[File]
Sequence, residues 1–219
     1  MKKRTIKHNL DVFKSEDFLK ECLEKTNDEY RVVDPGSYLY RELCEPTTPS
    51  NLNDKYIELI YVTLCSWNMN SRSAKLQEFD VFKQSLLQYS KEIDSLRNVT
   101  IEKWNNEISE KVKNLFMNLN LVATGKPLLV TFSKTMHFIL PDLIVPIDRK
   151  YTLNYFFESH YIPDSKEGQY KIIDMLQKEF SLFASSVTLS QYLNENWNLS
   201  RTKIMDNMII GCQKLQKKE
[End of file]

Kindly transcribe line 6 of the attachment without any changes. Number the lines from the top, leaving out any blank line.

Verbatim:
   201  RTKIMDNMII GCQKLQKKE